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In FAR/AIM, 5-3-8. Holding part, There is a sentence that says

(b) Outbound leg timing begins over/abeam the fix, whichever occurs later.

I got to know that the word 'over' is for parallel or teardrop entry. But I still can't understand the intention of 'whichever occurs later'.

Could anybody explain this more specifically?

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  • $\begingroup$ "Over" would be appropriate to disambiguate what happens in parallel or teardrop entry. But I don't understand the "whichever occurs later" logic. The sentence makes most sense to me with the final word removed. $\endgroup$ – BowlOfRed Aug 14 at 5:09
  • $\begingroup$ BowlofRed/ Thanks, now I realize the meaning of 'over'. Still the last sentence is obscure, so I modified my post a bit. $\endgroup$ – Student412 Aug 14 at 6:12
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The text is written that way to take into account the various type of holding entries. In case of a parallel or teardrop entry, the outbound leg starts after passing over the fix. In all other cases the outbound leg start after passing abeam the fix, following a turn that starts over the fix.

Case 1: Established in a holding pattern

So when established in a holding pattern, the outbound leg starts abeam the fix.

The sequence is:

  1. inbound leg
  2. pass over the fix
  3. turn outbound
  4. pass abeam the fix
  5. outbound leg
  6. turn inbound
  7. repeat from 1.

In this case it is clear that the time of the outbound leg should start when you pass abeam the fix, which occurs later in the sequence.

Case 2: Entry into holding pattern

diagram with holding entry procedures

Case 2.1: Parallel Entry into holding pattern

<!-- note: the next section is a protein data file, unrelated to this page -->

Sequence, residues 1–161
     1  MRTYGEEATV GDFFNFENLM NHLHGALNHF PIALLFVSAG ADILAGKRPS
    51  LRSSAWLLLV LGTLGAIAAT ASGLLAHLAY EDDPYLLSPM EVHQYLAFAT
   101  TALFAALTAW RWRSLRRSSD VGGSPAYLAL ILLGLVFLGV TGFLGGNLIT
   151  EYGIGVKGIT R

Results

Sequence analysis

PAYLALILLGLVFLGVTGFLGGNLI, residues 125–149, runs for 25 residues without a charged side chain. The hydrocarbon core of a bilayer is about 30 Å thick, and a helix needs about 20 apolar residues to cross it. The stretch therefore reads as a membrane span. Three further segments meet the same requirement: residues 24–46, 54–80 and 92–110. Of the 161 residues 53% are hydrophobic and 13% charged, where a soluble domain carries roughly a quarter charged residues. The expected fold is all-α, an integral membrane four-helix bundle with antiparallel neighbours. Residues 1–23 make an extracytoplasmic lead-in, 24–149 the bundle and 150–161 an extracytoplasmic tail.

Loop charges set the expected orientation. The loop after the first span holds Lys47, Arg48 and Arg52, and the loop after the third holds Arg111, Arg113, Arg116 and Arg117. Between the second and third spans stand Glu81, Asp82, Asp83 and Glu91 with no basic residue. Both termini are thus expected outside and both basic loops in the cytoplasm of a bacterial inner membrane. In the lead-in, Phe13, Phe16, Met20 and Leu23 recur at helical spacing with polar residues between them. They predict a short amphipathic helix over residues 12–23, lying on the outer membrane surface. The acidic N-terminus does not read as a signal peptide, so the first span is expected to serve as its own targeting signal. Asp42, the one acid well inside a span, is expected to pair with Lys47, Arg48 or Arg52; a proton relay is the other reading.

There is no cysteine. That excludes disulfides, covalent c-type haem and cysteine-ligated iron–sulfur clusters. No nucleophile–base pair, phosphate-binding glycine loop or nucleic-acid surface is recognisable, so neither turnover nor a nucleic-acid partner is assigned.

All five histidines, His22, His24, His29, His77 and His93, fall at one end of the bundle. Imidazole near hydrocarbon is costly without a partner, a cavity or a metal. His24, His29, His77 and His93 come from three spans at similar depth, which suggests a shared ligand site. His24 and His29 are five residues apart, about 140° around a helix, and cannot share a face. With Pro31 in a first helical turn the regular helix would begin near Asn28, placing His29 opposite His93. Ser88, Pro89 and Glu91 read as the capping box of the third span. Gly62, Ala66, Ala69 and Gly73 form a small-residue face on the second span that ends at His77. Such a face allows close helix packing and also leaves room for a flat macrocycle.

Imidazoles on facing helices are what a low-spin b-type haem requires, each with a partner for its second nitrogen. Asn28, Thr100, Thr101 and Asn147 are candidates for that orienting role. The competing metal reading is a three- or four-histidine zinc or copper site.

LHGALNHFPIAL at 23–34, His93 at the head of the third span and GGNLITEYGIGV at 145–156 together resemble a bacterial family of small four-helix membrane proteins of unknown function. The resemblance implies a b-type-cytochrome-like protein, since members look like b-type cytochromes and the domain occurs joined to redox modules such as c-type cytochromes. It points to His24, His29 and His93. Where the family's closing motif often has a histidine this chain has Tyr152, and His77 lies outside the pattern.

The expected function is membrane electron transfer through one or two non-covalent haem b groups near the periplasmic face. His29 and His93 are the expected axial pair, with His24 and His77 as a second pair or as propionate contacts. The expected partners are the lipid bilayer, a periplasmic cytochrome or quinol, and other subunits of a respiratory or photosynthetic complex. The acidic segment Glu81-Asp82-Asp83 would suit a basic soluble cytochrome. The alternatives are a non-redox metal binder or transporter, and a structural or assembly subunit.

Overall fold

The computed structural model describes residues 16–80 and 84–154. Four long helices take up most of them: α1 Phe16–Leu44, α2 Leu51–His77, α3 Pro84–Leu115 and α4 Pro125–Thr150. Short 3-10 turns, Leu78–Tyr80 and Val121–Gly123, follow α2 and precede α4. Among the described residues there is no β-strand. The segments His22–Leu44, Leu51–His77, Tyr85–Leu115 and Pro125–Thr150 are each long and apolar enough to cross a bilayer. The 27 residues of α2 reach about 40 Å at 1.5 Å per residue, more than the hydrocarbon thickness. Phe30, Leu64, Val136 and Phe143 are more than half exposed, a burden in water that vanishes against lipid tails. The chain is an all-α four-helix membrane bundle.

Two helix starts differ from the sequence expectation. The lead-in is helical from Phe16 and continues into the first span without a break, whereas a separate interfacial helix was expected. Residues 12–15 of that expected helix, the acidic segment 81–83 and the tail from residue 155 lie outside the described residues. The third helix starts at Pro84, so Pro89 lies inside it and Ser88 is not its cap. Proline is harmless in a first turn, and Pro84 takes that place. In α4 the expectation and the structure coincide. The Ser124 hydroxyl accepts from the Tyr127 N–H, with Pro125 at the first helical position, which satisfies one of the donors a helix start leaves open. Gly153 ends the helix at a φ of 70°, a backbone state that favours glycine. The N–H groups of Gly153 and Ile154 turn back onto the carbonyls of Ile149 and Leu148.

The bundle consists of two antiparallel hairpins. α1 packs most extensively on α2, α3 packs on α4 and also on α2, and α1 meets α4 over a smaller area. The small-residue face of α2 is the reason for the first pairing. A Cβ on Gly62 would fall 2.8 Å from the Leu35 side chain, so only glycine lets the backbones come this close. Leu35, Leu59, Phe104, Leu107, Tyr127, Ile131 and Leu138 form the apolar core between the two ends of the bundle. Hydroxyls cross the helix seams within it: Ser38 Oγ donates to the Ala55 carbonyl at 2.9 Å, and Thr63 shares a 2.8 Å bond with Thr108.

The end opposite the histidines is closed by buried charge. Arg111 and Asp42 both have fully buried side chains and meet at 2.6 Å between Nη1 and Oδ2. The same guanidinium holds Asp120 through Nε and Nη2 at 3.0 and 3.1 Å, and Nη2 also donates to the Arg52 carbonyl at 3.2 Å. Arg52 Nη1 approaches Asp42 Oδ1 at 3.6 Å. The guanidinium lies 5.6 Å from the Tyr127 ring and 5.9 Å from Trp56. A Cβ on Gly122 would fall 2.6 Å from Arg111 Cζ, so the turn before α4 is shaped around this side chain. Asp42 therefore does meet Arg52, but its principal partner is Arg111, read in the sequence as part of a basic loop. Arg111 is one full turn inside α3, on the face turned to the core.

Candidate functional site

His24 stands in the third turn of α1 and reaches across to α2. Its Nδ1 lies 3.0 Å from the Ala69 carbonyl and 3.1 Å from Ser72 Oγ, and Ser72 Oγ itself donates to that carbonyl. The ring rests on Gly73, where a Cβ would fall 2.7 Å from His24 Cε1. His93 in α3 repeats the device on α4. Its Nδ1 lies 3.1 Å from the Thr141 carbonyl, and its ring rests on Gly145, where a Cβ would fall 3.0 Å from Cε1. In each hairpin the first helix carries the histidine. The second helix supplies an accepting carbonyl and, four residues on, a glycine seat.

When entering the holding using a parallel entry ((a) in the diagram) the sequence is:

  1. fly to the fix
  2. pass over the fix
  3. turn outbound course
  4. outbound leg (on non-holding side)
  5. turn to inbound leg
  6. intercept inbound leg
  7. follow sequence for established in a holding pattern

In this case the timing of the outbound leg should start when you pass over the fix. From this, it follows that the outbound time will include the time spent in the outbound turn (3.).

Case 2.2: Teardrop Entry into holding pattern

When entering the holding using a teardrop entry ((b) in the diagram) the sequence is:

  1. fly to the fix
  2. pass over the fix
  3. turn outbound course
  4. outbound leg (30 degree into holding side)
  5. turn to inbound leg
  6. intercept inbound leg
  7. follow sequence for established in a holding pattern

In this case the timing of the outbound leg should start when you pass over the fix. From this, it follows that the outbound time will include the time spent in the outbound turn (3.).

Case 2.3: Direct Entry into holding pattern from holding side

When entering the holding using a direct entry from the holding side ((c) in the diagram, sector on the holding side) the sequence is:

  1. fly to the fix
  2. pass over the fix
  3. turn outbound
  4. pass abeam the fix
  5. outbound leg
  6. turn inbound
  7. follow sequence for established in a holding pattern

In this case it is clear that the time of the outbound leg should start when you pass abeam the fix, which is later in the sequence.

Case 2.4: Direct Entry into holding pattern from non-holding side

When entering the holding using a direct entry from the non-holding side ((c) in the diagram, sector on the non-holding side), you may not complete the turn before being abeam the fix. In that case the sequence is:

  1. fly to the fix
  2. pass over the fix
  3. turn outbound course
  4. outbound leg
  5. turn inbound
  6. follow sequence for established in a holding pattern

In this case it is clear that the time of the outbound leg should start when you pass over the fix. From this, it follows that the outbound time will include the time spent in the outbound turn (3.).

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It's nothing to do with the type of entry, it's down to your accuracy of flying. If you are flying accurately, you will pass directly overhead the holding fix, in which case you hit the stopwatch as you pass overhead. But if you fly slightly to the side, for whatever reason, then you hit the stopwatch as you pass abeam the fix as being a rough approximation of the overhead.

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  • 3
    $\begingroup$ How could you pass both over and abeam the fix (so requiring the "whichever occurs later" wording)? $\endgroup$ – Dannie Aug 14 at 11:30

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